I got a bit dressed up for the Admiralty Ball, although it did mean changing in the loos, so I didn't doll myself up much (although I was smart enough to chose the loos with lights, as opposed to the goth-loos). I had a mask and parasol I almost never use, and a dress and girly shoes that I rarely use. It only occurred to me later that I had a suitably nautical -and far more comfortable- outfit I could have worn. It's unusual for me to get all dressed up and pirate is my fallback costume, so I'm sure there will be a later opportunity for that outfit.

The announcement of the Hugo Award nominations was exciting, even though we couldn't successfully link up with Seattle (unless Norwescon had in fact been taken over by aliens who communicated through audio feedback and blips). The Hugos are like the Oscars and so it was pretty cool to be there. Yet more books to read though. The nominations can be found here.

I had to be in early(ish) for a short one-on-one Writing Workshop. It was a little intense, but helpful and very positive. I feel fairly spurred on now.

Nuke from Obit: it's the Only Way to be Sure was a fun panel and one that came up with a wide variety of ideas for invading other planets, from the amusing to the scary.

After that I was at a panel on Self-Promotion. Some of the panelists seemed rather wary of it, which is reassuring because I honestly don't think that writers necessarily are brilliant at PR. I know some who are, and they are lucky sods, I suspect that writers are often fairly introverted.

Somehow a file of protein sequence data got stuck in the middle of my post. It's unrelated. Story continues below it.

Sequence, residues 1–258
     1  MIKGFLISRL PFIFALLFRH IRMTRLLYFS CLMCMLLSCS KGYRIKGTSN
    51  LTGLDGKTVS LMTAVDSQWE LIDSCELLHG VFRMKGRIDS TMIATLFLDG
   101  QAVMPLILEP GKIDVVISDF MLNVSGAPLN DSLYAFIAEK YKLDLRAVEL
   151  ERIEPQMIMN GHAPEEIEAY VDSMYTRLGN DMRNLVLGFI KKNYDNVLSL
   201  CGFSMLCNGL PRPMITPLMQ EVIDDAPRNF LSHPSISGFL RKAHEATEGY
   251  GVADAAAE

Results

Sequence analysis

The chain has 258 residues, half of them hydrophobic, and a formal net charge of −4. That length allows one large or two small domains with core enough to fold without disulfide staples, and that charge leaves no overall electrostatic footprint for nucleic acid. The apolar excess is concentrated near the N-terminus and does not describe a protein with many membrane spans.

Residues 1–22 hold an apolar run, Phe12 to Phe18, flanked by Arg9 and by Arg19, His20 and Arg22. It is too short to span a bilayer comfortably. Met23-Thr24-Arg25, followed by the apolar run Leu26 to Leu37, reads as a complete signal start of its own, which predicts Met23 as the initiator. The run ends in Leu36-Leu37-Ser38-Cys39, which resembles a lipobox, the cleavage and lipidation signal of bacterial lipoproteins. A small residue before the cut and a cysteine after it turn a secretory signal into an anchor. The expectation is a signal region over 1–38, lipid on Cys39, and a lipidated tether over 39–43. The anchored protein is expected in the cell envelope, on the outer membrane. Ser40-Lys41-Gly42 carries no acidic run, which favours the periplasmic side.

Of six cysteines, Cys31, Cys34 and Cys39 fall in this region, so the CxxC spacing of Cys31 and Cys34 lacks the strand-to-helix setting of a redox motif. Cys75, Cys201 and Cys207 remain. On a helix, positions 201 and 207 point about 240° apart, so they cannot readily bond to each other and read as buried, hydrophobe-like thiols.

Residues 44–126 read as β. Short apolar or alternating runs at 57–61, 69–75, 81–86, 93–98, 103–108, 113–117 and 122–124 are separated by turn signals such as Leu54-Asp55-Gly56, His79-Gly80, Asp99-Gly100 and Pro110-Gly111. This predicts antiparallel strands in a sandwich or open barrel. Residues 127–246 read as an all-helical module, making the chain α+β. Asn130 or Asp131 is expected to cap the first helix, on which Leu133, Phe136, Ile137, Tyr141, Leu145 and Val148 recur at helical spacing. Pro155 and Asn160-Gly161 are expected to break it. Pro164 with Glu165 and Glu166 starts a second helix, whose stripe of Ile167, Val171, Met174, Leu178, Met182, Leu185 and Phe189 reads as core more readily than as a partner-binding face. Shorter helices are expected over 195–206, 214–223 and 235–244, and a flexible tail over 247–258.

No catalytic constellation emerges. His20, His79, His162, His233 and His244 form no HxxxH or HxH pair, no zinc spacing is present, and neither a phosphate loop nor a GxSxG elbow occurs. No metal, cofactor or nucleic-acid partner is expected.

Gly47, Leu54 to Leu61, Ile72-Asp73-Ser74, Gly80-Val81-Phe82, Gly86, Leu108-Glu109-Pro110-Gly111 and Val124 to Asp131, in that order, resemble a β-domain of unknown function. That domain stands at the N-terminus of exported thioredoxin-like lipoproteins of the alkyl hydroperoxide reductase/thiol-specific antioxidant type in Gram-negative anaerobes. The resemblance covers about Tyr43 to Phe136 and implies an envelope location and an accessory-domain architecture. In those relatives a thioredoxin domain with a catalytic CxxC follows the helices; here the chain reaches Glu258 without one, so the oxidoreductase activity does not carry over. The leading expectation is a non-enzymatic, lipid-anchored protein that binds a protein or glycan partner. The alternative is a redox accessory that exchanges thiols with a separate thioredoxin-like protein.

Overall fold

The bulk of the afternoon was spent sitting at the bar talking to people, which was most enjoyable. I played Pirate Fluxx, which went on for a while. And once the 'Talk Like A Pirate' card had been played our throats did ache and our words be punctuated by periodical 'Aaargh!'s.

All in all a good first con and a fun time.
I suspect I've used the word interesting far too many times here, and now I'm tired. So I shall stop.

15 April 2011

Eastercon 2011

I'm going to my first ever convention next weekend!
I am quite excited, especially now they've posted the programme online.

I don't know many people who are going (besides my husband obviously), most of the familiar names on the membership list are acquaintances or authors.
I'm hoping I won't do any clinging-to-the-wall, which I can do if I'm not stern with myself. I've only been told good things, especially in respect to how friendly people are and how many interesting people you meet.

I expect I'll do a report afterward. I'm hoping I'll be a bit more fired up then. Lately I've felt a little like I'm idling and I think I need something fun and interesting to jolt me out of it.

12 April 2011

2 Edwards and a Henry (and a mysterious big cat)

Further English monarchs.
Pictures from my history mug, info mostly from David Starkey's book Crown and Country, although I've read other things as well.

Henry III
He became king at 9 years old, but ruled until he was 56, which is probably why he isn't drawn as a child. He was dominated by more forceful men throughout his reign. He let his in-laws and half-siblings run riot and the barons disliked him almost as much as they had his father (King John, the much hated king who signed the Magna Carta).

Of course the real question is, why does he have a leopard? Maybe it's a cheetah? Maybe it's a lynx? It's certainly not a house cat. Why is it there? Starkey doesn't mention it, but there must be a reason! Does anyone know?